Heather McGehearty is a mother to four young children. Heather started organizing parent support groups in 2013 when her oldest was identified with dyslexia. In 2016, these efforts led her to establish a nonprofit, StandUpLD, to inspire students, educate parents, and support their teachers.
Heather is also an adult with dyscalculia. She knows first hand what it takes to learn to be a self-advocate. She took some time to talk with Amy Barto, LDA Today editor, to share her experiences with this lesser known learning disability.
When you explain dyscalculia to people, what do you say?
For me, it’s like dyslexia but for math. For me, it’s mathematical concepts, especially as you start to get abstract with mathematical concepts, particularly when you start getting into Algebra, that’s where I was really thrown for a loop. With math, it’s a constant progression and a constant changing what you’re learning, but for me, as a child it never was a building block. It was never a stair-step process of “oh, okay, this helps this make sense and now okay now that helps this make sense.” For me, it was just segmented, compartmentalized information that I had to memorize.
I would get really good at memorizing long division or whatever it was; then it would get to the next thing. To me, it never all pieced together and really made sense to me. So for me, it was never ever a building block situation.
It didn’t help that growing up I moved a lot. I switched schools a lot which made it hard to have consistency and, of course, every time you go to a new school, they’re working on a different approach to math or a different version of whatever compartmentalized department I’d just got through or was about to go back into. So for me, math never really clicked. It was always very compartmentalized.
I remember one time I went to a private school that had some Montessori learning materials . . . I think I was in 8th grade . . . and they said, ‘You know what? We should take you down to the lower school area. They have some Montessori manipulatives. You need to take a look at those. So, I was brought down – from 8th grade – to the lower school and showed these different manipulatives which I had never seen before, and my thinking was like “ding-ding-ding”! Had I been exposed to some of that as a child, it probably would’ve helped everything come together.
What was it like when you were diagnosed with dyscalculia?
I was identified with a generalized learning disability. I was never diagnosed with dyscalculia as an actual thing. Once I got to college, they looked at my testing and “well, you really dip low in math” and it was clear that I always struggled in math and I always needed math tutoring, but it was never really identified that that is something I struggled with.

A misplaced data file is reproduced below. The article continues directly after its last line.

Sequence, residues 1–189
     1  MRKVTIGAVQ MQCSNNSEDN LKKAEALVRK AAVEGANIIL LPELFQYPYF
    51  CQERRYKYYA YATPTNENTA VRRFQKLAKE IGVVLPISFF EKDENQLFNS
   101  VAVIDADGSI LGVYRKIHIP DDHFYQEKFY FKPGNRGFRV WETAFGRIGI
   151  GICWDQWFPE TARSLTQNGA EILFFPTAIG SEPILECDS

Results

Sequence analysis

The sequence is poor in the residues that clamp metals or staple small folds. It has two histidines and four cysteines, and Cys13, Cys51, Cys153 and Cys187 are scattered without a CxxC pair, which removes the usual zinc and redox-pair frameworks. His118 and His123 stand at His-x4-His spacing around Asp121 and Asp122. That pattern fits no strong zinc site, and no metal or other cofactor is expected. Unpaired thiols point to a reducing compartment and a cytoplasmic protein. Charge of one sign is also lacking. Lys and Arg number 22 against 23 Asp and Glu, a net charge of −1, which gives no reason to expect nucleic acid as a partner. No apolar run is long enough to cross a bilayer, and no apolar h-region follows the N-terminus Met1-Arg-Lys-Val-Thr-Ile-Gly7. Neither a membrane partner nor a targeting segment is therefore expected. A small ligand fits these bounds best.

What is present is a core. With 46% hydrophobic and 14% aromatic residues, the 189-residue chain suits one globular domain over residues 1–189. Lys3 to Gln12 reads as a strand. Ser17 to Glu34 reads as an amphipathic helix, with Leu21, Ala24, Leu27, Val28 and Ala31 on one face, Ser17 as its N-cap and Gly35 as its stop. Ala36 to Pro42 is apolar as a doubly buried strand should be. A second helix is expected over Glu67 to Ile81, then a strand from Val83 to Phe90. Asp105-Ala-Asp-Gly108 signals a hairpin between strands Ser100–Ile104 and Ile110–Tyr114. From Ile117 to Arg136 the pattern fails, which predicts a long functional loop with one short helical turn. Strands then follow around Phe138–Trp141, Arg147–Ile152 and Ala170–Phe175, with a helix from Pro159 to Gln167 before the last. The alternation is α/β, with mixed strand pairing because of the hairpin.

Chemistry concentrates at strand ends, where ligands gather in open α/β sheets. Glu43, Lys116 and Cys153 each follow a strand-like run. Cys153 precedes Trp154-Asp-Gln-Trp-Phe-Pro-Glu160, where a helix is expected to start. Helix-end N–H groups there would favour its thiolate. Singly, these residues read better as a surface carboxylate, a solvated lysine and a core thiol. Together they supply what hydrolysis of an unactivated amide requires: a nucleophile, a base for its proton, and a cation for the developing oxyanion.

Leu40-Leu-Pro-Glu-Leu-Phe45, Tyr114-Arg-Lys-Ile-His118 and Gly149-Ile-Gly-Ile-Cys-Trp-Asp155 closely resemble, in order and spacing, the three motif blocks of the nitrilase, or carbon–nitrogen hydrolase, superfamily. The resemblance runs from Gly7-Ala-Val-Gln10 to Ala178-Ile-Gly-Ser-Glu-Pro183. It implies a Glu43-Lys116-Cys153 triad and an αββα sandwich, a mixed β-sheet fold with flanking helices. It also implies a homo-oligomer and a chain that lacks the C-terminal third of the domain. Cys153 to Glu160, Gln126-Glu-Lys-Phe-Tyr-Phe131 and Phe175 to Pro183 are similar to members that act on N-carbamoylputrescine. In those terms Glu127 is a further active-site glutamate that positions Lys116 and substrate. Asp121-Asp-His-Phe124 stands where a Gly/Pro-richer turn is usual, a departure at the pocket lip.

I was always an amazing speller, always a really good reader, but I always struggled with reading comprehension and I would definitely say some auditory processing with the reading comprehension. So I definitely hit the marks in terms of having some challenges with some test taking – some anxiety with test taking – but predominantly when you were to give me anything with math, I was like I had the anxiety about that because for me everything was compartmentalized and also just remembering the steps.
I was a good speller. I could remember things to a certain extent, and the nice thing about spelling is it never changes. It’s like, “okay, this is the way you’re always going to spell. The word responsibility is never going to change.” There are just some things that are never going to change; we don’t compartmentalize in the English language that way, but when it comes to math, we do. For me, it was really challenging as we got into higher math and those sorts of things.
In college, did you feel you had more options to find or study what you are good at?
Yes. In college, I was very nervous to go because I was worried about the math piece and how I was going to get through it. I did go to University of the Ozarks and I did have to talk to the Dean of the school because at the time they were making a lot of concessions for those who had dyslexia, but they were not making them for those who had dyscalculia.
At the time, my husband Eric and I were dating. He was a great advocate for himself and he kind of helped me through that process of advocating for myself and saying “we can compare this to dyslexia. You know, those who have dyslexia would get these things but you have dyscalculia and you’re being told you just need to work harder or you’re not going to get your degree. You have to get through these classes or else you won’t get your degree, but with me, with dyslexia, I’m not being told that. I’m being told I can have these certain classes subbed out”. So, we were able to make that case and that was the only reason I was able to get my degree. It really would have stood in the way and I’ve heard that that happens to a lot of people who have dyscalculia.